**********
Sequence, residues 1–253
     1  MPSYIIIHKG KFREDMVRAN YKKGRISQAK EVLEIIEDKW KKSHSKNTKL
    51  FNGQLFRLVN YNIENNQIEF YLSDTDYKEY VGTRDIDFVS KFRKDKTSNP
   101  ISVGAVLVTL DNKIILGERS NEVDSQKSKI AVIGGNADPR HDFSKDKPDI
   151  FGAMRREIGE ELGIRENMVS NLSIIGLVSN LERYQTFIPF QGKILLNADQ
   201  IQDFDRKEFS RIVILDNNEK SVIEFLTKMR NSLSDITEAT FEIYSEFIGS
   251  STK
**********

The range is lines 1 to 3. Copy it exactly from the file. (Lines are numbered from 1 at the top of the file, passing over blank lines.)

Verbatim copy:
Sequence, residues 1–253
     1  MPSYIIIHKG KFREDMVRAN YKKGRISQAK EVLEIIEDKW KKSHSKNTKL
    51  FNGQLFRLVN YNIENNQIEF YLSDTDYKEY VGTRDIDFVS KFRKDKTSNP